According to a report released today, Apple is considering a jump from their current 16-bit audio iTunes Store offerings to a superior 24-bit format. CNN claims that Apple is in talk with music executives to bring super-high quality music to their online service, with a possible two-tier pricing format for those seeking the benefits.
UMG's Jimmy Iovine is fully backing the idea. At a recent HP event, Iovine expressed his dissatisfaction with current digital trends, promoting his joint initative with Dr Dre to improve sound quality. Beats Audio has seen its results implemented in a number of HP's products, and Iovine wants to reverse the effects the digital age has had on our audio expectations. "It's one thing to have music stolen through the ease of digital processing. But it's another thing to destroy the quality of it," he said.
24-bit audio would bring iTunes-bought music to recording studio standards, but the quality improvement may not be heard by all. While iTunes and most Macs can play 24-bit sound, a wide range of hardware and software currently on the market lacks the capability. A common criticism of the iTunes store is its distribution of relatively poor-quality files compared to the original masters, and audiophiles in the past have called for a lossless option to be available.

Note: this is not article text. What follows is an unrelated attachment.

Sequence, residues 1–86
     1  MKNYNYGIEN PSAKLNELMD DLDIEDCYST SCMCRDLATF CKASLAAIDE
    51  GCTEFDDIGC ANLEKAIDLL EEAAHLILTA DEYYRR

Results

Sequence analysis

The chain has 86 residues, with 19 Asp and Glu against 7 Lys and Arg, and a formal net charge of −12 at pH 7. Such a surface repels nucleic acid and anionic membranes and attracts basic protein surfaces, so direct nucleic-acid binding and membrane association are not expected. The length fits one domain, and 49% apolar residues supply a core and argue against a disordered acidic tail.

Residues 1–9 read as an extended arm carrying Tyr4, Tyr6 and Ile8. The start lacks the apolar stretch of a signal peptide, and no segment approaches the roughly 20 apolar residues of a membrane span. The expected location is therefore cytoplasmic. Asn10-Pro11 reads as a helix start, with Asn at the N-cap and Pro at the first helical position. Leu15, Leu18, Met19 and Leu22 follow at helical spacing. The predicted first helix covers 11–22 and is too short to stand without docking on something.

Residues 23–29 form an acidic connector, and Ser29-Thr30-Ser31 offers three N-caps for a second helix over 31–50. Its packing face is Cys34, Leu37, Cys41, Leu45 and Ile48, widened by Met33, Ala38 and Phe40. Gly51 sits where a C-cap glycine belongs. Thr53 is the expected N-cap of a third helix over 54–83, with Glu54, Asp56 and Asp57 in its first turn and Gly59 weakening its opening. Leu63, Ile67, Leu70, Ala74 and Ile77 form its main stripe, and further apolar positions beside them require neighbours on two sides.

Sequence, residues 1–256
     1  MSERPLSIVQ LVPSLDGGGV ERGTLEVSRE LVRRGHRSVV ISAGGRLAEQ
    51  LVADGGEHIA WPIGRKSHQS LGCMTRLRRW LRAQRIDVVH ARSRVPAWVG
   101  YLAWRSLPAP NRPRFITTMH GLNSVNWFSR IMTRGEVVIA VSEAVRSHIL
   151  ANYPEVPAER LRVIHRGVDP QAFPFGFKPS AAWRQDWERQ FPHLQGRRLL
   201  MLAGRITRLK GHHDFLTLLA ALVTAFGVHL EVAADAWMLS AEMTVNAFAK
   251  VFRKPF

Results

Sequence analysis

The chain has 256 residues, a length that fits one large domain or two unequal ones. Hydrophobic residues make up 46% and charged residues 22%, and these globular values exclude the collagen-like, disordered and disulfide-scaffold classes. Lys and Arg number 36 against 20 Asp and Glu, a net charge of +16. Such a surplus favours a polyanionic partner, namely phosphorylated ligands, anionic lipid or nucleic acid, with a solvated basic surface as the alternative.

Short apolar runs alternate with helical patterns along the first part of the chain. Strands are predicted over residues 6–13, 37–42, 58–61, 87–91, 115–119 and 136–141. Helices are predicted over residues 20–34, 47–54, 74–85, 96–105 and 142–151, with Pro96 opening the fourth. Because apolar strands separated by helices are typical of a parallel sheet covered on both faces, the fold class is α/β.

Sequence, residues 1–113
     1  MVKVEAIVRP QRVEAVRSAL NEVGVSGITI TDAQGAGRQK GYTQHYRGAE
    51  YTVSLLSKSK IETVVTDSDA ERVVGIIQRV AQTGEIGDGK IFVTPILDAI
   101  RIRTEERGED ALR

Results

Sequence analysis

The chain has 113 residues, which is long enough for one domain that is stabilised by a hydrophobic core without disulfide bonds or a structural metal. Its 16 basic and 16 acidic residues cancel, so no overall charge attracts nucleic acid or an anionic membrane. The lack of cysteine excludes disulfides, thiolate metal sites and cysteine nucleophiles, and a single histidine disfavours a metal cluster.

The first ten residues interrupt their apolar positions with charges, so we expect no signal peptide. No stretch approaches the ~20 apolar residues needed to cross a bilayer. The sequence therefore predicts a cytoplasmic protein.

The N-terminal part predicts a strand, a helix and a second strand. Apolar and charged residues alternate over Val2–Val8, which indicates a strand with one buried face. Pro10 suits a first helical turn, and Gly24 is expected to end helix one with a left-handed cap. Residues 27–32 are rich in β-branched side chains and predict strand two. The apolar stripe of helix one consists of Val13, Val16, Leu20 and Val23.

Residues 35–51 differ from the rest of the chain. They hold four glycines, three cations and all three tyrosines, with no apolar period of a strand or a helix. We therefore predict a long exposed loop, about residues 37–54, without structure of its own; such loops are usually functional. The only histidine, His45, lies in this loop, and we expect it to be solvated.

Smaller outlets such as Bandcamp offer music in lossless formats, and Apple has been known to adapt its music offerings depending on the wider marketplace. Previously, Apple ditched DRM and boosted quality from 128kbps to 256kbps, dubbing the new format "iTunes Plus". An answer to the call for lossless may not be entirely out of the question, but Apple might decide to hold back from launching a service that benefits a very small crowd.